The Violence of Curfew
Al-Bireh, Ramallah. “Oh God, please tell Sharon to end the curfew by this Saturday so I can go to school.” This is how my secular, eight year old daughter, Areen, has put herself to sleep for the last two weeks. Areen, like so many others here, have turned to the divine powers to intervene in ending the five-month Israeli military curfew that is imposed on Palestinian cities, villages and refugee camps in the West Bank. As post 9-11 global diplomacy patiently deliberates about how to proceed after the failure of the Oslo Peace Accords, Israel is systematically destroying Palestinian livelihood, and with it, any hopes for a future reconciliation between the two peoples.
Israel’s systematic destruction of everything Palestinian is not new, at least not to the Palestinians who have survived, thus far, decades of Israeli destruction. What is disturbing, however, is that this destruction is being done in full view of the world community. To add insult to injury, the destruction of our lives is openly discussed and agreed to by Israeli judicial and political institutions.
Setting aside the political assassinations, the military onslaught that took place when Israel violated the Oslo Accords by invading Palestinian-controlled areas, the F-16′s and the 60-ton Merkava battle tanks that have rampaged Palestinian cities for two years now, the thousands of Palestinian civilians and some elected officials that have been imprisoned without charge or trial, the acres of olive groves that have been bulldozed, the Israeli settlements that have never ever stopped growing, setting aside all of this and much more, I would like to focus on a less visible aspect of this systematic Israeli destruction of Palestinian livelihood.
It is casually termed in an Israeli military euphemism as curfew. It is better described as military curfew. In a more legal, human rights terminology it is called collective punishment, and as a pen-pal recently pointed out to me, it is more accurately described to a western audience as a lockdown. Call it what you will, the continuous policy of forcing, at gunpoint and tank barrel, 1.5 million Palestinians to remain in their homes is one of the most sophisticated forms of violence around, only to be outdone by the occupation itself.
Some who attempt to justify Israeli occupation will say curfew is much less brutal than other means the Israeli army regularly uses, and thus should not be spoken about in such harsh terms. For the sake of argument, let me explain in a personal sense, especially to my Israeli neighbors, what curfew does to individuals, families, businesses, and schools. I will let each reader reach their own conclusions on what the world should expect from Palestinians, let alone Palestinian refugees, in the coming years.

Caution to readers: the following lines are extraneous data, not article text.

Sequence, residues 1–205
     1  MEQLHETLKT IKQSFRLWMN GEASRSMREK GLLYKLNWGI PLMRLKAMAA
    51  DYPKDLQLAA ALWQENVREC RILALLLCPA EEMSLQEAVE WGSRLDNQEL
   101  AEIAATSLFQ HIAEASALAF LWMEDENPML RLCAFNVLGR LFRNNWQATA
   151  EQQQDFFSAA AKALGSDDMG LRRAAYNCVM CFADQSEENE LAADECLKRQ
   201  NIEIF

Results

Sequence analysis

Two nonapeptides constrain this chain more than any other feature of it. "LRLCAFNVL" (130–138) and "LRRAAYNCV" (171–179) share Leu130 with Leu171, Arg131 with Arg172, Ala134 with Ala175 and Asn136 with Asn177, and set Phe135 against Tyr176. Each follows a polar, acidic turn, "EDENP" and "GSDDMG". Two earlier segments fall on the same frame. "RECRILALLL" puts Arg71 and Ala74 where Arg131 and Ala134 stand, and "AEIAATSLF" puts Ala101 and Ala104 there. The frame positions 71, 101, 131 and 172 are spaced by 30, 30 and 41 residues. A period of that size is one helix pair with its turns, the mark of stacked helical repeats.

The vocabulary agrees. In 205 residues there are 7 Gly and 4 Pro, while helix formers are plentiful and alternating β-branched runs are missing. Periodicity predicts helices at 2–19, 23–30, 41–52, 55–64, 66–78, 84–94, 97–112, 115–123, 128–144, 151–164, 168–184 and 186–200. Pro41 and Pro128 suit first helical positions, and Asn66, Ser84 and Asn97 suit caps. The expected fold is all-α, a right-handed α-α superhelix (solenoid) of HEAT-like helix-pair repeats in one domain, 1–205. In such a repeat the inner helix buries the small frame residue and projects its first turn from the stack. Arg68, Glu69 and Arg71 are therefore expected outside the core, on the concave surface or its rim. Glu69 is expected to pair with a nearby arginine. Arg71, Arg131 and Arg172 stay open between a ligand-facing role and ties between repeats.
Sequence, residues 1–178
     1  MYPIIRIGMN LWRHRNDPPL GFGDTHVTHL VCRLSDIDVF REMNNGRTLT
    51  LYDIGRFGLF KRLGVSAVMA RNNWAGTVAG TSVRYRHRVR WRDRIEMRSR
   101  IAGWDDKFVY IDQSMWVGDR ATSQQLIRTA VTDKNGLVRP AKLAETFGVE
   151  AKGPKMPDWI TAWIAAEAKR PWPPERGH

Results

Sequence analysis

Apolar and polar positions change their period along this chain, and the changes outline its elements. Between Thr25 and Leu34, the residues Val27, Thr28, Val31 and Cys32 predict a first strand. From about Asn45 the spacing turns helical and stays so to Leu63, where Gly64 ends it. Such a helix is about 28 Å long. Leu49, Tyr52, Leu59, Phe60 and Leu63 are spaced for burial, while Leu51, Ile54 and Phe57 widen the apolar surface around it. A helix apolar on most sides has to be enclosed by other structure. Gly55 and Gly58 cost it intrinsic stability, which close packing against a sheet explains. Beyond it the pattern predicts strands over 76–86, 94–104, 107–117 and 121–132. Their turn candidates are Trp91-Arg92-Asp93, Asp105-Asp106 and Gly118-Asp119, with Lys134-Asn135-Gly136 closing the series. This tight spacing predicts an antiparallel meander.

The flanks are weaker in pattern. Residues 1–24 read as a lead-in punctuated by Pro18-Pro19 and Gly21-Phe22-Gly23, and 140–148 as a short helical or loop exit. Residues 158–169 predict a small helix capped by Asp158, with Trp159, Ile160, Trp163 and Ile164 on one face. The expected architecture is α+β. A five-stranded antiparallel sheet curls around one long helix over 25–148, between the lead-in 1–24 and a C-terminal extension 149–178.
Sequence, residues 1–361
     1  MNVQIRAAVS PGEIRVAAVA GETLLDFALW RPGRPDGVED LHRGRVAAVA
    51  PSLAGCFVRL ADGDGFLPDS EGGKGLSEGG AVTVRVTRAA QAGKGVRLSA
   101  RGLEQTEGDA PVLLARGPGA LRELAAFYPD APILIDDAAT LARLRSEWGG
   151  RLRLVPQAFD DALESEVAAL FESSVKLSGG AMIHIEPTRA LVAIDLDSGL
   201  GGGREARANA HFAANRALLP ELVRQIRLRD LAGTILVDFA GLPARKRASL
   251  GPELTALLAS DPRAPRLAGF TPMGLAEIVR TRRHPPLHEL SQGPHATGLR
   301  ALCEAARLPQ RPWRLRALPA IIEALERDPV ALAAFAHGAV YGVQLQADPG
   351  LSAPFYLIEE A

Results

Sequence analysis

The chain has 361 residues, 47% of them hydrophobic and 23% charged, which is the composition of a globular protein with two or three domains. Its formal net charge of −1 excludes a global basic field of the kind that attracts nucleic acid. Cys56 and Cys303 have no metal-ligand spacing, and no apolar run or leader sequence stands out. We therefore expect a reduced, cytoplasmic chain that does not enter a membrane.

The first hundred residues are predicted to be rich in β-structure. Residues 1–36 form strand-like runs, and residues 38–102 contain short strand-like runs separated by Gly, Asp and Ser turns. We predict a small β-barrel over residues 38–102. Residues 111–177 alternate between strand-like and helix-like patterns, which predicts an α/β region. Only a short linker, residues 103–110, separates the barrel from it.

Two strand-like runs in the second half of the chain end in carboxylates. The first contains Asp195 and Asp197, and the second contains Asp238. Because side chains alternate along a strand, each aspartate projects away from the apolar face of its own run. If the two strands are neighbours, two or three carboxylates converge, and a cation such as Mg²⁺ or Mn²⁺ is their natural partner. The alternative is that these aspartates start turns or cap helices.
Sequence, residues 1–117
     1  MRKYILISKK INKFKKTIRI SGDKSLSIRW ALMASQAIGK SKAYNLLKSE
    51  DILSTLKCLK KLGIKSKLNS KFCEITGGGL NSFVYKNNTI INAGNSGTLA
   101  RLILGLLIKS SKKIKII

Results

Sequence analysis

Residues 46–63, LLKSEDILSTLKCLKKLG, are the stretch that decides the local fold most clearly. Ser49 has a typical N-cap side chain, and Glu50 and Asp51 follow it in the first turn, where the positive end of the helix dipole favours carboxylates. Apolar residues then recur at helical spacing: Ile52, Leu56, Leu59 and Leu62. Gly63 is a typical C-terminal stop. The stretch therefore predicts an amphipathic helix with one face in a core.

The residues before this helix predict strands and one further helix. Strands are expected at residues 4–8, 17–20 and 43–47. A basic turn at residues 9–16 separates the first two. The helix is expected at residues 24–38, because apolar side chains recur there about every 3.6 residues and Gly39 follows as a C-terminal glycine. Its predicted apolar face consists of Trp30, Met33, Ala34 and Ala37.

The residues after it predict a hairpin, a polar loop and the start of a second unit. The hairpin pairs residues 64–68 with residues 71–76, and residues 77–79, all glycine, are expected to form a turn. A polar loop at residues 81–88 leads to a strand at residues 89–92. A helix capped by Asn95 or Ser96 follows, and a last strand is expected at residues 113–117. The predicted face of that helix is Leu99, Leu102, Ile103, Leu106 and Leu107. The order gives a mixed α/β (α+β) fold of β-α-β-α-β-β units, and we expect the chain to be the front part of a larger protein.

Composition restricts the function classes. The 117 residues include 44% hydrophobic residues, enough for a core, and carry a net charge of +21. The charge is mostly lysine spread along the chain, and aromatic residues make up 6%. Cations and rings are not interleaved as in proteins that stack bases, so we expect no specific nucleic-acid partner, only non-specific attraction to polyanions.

First, an Israeli military curfew is not a limited curfew that is sometimes applied to minors in various American cities. When Israel applies a curfew upon Palestinians it is total, comprehensive and unannounced. Businesses close, schools dismiss, government offices lock their doors, pharmacies are closed, and medical services are, for all intent and purpose, inaccessible to the public. How is this so? This total closure is accomplished by Israeli jeeps, tanks and armored personnel carries roaming the narrow Palestinian streets with loud speakers notifying all, in an awful Arabic accent, to go home. This announcement is regularly accompanied by rapid machine gun fire in the air and the exploding of tear gas canisters and stun grenades in the open markets to make sure people get the message. If the closure takes place in midday, within a maximum of sixty minutes the city will turn into a ghost town. If the closure is announced during early morning hours (5am-7am), as has increasingly been the case, the city never wakes up.
While under curfew/lockdown families are confined to their homes. With 50% of Palestinians living in households averaging 7 persons, of which 91% of the households live in overcrowded conditions — more than 1 person per room (source:
After a day, or two, or three – or in the case of Nablus, 66 – of being locked down for 24-hours one’s nerves become on edge. Physically, the lack of exercise starts to set in and muscles become stiff. Even when the curfew is lifted for a few hours one does not have time to think about anything but stockpiling food for the next lockdown and rushing to work in an attempt to do a week’s tasks in 4 or 6 hours. Personally, I have two slipped discs that require me to regularly walk for exercise. For five months, we have been imprisoned every evening by Israeli curfew and thus walking the streets of Ramallah, absorbing the summer’s cool night breeze, is condemned to our memories. The physical price I pay is living with a continuous electric current that flares down the back of both of my legs and awaking many nights to painful leg cramps. My two girls, Areen and Nadine, 2 years old, are starting to show the lack of exercise in their physical build. My wife, Abeer, miraculously is able to stay fit as she holds together our family life by keeping up with the household chores, continuously playing with our girls in order to keep their attention off the occasional tank or jeep that comes rumbling down our street, and rationing our supplies just in case the intermittent lifting of the curfew is cancelled.